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  13. Primoz

    Primoz Out on the slopes Skier

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    EPO is perfectly legal drug. It's used to treat anemia. It's "a bit less" legal when used to improve your sport performances. Same goes for salbutamol or corticosteroids. Perfectly legal when used for treating diseases, but "a bit less" legal when abused as doping.
     
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  14. fatbob

    fatbob Out on the slopes Skier

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    I pick my examples deliberately, WWE is entertainment that is "real" to fans because they choose to set reality aside while they are watching and accept the soap opera as reality. F1 has always been pretty weird, it attracts a lot of fans who have no interest in any other sport (I postulate that that's because there is a geeky side to it that non sporting people can get into) but it has always been part soap opera and dictatorship trying to tweak the "product" for maximum commercial benefit. Yes the drivers are racing on the track when they are in broadly equal vehicles but very few sports would have the front tolerate something which is as much of a foregone conclusion as the Monaco GP (where any suspense is provided by the decomposition of rubber).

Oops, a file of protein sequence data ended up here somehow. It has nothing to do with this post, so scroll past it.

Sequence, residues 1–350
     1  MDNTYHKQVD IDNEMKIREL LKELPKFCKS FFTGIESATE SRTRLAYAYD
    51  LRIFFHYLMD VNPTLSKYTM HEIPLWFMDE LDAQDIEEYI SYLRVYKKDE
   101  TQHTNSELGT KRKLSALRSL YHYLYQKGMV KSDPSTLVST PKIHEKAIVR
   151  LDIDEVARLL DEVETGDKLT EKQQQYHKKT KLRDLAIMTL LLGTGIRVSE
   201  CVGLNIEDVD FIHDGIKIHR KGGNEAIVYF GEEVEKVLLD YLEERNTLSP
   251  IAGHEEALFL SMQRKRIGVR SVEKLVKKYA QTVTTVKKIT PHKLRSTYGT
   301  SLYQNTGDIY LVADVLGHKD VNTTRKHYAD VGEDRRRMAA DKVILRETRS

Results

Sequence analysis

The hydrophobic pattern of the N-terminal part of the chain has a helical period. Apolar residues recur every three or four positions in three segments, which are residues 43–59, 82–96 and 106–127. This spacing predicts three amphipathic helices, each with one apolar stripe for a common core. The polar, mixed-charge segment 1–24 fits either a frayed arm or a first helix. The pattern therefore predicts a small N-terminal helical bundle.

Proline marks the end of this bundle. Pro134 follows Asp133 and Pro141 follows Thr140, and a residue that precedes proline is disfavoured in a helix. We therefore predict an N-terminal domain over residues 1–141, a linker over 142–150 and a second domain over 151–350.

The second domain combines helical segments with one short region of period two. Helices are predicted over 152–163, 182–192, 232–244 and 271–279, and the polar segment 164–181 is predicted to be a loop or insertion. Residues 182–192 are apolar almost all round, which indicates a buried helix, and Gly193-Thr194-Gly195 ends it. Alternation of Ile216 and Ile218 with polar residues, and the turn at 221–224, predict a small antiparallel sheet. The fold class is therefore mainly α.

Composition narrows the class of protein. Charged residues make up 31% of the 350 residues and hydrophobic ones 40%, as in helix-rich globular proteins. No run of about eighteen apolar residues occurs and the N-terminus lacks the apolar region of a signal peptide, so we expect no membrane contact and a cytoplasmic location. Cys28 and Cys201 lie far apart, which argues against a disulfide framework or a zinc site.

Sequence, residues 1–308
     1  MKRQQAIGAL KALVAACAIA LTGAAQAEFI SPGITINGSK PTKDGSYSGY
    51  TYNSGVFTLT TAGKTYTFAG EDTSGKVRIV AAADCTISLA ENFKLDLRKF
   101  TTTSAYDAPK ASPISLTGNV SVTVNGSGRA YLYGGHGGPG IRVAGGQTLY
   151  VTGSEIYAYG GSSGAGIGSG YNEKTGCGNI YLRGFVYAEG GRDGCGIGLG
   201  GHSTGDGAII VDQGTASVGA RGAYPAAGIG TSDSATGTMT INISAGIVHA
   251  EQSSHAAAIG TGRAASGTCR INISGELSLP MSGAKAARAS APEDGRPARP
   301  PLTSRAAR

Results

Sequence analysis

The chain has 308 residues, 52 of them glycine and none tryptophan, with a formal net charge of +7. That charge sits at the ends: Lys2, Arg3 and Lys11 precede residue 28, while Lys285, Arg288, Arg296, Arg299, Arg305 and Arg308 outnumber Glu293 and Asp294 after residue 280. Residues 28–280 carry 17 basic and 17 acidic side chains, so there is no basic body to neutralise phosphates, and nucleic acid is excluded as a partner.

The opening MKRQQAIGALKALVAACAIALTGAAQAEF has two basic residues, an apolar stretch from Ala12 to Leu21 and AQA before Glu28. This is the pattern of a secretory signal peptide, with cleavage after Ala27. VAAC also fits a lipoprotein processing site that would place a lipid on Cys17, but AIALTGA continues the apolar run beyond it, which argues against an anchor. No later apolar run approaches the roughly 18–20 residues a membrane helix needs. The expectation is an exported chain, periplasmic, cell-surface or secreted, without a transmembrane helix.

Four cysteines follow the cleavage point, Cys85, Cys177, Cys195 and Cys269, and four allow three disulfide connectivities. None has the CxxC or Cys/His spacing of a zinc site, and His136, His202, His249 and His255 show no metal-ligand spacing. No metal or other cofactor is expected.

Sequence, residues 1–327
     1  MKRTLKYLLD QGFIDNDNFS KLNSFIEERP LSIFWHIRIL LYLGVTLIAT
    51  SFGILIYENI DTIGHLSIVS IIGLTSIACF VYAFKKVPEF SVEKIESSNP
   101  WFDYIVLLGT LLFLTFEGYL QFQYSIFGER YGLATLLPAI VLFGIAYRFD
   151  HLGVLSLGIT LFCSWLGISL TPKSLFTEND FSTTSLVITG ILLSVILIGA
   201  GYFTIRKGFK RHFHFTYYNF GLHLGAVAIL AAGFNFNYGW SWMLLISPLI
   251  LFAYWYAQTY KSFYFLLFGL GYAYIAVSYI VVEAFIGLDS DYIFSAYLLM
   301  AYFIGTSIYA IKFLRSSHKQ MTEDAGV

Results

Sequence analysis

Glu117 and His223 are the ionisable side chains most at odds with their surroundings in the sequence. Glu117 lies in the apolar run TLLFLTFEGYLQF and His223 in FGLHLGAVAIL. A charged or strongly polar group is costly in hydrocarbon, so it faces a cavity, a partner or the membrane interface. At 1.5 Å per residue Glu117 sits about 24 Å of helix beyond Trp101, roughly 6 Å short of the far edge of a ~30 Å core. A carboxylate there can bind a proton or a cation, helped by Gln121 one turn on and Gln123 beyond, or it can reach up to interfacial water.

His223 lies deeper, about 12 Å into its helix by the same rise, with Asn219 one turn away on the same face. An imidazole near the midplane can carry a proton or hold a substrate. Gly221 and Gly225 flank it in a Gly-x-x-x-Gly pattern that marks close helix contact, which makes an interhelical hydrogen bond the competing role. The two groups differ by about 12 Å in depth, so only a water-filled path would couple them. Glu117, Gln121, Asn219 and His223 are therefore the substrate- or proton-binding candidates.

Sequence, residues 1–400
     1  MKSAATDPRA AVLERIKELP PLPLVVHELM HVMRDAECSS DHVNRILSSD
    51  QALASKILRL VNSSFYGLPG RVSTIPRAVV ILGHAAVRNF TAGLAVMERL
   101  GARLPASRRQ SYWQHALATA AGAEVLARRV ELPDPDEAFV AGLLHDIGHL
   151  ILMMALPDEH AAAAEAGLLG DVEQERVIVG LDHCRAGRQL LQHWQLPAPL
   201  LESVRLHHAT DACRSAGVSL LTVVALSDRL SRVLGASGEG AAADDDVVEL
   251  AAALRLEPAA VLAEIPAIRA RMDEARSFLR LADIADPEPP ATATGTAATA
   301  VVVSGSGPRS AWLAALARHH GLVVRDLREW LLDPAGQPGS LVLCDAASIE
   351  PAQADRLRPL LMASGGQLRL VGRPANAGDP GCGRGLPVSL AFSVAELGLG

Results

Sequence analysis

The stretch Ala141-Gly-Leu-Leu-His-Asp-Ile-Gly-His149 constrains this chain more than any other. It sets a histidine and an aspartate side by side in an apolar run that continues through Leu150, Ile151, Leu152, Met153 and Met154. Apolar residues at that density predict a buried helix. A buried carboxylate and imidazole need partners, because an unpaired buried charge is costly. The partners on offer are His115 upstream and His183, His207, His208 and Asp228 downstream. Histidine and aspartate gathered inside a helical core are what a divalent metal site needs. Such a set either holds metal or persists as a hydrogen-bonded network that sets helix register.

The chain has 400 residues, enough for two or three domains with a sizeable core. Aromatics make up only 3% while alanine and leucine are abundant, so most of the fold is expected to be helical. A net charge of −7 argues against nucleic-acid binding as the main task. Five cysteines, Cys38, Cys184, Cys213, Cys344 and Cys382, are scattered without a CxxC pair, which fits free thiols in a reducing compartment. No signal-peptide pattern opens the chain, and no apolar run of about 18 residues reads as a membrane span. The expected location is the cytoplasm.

Cycling for all of its grubby past we are invited to believe that it has all changed but again I ask are we not recognising reality? It's a interesting "product" for sure full of stories of tradition and history and daring do, with tactics and alliances and minor dirty deeds and full on argy bargy. I might even say its like Game of Thrones on wheels (with a lot of boring filler spinning out along flat but scenic roads). But I think I now believe I'm watching a product with high production values but not quite the real thing.